Implied Consent

Implied consent lawThe implied consent concept refers to the idea that when you get your driver’s license, you agree that if you are ever arrested for suspicion of driving under the influence (DUI/DWI) of drugs or alcohol, you will submit to a blood, breath, or urine test (depending on availability and whether the suspected chemical was drugs or alcohol). Your agreement to this arrangement was implicit upon getting your license; thus, implied consent.

While implied consent laws vary by state, your implied consent applies to the state in which you were arrested, not the state where you got your license. That is, if you have a license in a state with no implied consent laws, and you are arrested in a state that does have implied consent laws, you are subject to that state’s implied consent laws.

Implied consent also subject you to a rare but legal form of double jeopardy. When arrested under an implied consent law, you may be facing a license suspension by the Department of Motor Vehicles. For the same offense, you are also facing a criminal court case. This is not considered double jeopardy, however, because the DMV's action is considered an administrative action, not a criminal proceeding.

If you're arrested for a DUI, the implied consent laws aim to encourage you to submit to a chemical test. Failure to do so can subject you to many more punishments. Take the DMV action, for one. Under implied consent, refusal to take a blood, breath, or urine test can result in a more severe license sanction than if you had submitted to a test.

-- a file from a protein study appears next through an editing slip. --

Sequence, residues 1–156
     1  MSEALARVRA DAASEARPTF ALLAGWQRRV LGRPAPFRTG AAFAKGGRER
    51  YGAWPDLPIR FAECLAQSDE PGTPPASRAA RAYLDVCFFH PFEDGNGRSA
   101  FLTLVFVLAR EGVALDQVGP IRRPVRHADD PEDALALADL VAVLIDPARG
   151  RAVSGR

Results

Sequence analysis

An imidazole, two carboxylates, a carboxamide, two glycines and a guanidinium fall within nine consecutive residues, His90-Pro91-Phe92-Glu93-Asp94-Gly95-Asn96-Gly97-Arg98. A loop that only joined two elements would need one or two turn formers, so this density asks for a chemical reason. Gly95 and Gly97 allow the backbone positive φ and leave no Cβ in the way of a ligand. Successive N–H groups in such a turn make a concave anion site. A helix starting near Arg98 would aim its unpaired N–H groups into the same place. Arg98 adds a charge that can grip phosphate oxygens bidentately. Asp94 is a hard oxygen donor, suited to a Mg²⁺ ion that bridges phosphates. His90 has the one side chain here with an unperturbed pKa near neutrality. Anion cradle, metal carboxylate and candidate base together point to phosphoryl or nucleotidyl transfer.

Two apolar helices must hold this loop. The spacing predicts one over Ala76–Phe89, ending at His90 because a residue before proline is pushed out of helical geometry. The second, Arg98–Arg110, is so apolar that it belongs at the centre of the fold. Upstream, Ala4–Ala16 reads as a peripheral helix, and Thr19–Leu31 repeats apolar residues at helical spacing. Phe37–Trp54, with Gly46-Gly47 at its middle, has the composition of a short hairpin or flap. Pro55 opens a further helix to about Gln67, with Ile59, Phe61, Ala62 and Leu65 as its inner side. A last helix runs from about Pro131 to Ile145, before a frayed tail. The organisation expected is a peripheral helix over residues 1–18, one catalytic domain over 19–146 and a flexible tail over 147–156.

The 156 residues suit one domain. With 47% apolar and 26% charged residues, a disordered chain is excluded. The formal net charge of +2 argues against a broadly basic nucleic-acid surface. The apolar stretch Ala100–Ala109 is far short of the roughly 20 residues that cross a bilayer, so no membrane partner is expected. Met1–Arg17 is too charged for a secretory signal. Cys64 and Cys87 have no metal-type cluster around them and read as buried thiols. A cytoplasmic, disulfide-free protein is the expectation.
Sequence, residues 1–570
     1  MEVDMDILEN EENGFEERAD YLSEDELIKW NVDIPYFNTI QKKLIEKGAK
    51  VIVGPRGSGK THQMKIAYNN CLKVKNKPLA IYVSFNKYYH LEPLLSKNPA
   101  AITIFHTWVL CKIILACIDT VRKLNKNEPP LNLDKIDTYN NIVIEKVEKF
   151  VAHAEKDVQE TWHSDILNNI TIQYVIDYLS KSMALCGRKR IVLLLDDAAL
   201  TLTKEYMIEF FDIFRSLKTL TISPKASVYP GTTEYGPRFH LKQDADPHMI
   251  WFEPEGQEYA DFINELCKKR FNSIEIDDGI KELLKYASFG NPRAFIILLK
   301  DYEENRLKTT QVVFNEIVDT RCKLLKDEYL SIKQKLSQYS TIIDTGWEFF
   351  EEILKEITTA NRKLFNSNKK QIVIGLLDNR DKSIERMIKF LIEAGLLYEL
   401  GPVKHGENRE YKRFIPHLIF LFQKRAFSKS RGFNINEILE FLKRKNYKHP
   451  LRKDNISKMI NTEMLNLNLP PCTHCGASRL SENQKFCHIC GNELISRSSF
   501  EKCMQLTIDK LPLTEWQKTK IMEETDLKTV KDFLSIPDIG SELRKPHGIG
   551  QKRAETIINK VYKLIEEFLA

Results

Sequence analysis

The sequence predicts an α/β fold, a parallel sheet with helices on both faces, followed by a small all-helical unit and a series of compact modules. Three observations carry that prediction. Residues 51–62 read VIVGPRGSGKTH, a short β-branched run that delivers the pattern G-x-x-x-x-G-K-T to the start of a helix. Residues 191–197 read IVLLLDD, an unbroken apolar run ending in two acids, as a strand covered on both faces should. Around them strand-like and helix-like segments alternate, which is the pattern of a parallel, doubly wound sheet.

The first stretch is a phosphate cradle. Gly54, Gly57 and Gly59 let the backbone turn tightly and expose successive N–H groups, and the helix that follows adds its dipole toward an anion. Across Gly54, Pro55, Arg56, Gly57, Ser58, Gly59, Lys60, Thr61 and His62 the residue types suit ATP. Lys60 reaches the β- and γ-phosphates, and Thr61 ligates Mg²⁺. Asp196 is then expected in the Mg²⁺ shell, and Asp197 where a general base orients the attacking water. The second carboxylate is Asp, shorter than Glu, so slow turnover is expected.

Implied consent laws also allow for criminal consequences for not submitting to a chemical test. Many states allow your refusal to be admitted as evidence of consciousness of guilt, increasing your chances of a conviction. Refusal to submit to a chemical test can also be used by the judge or jury in handing down more severe punishments, either as part of a conviction or a plea bargain. Moreover, under implied consent, the very act of refusing a chemical test is in itself a crime and you could be subject to the punishments associated with breaking that law, regardless of the outcome of a DUI trial.

The aspects of implied consent laws vary by state. And DMV sanctions are often done quickly and without subjectivity to review. Therefore it is best to talk to a qualified DUI attorney immediately about how implied consent applies to you.

 



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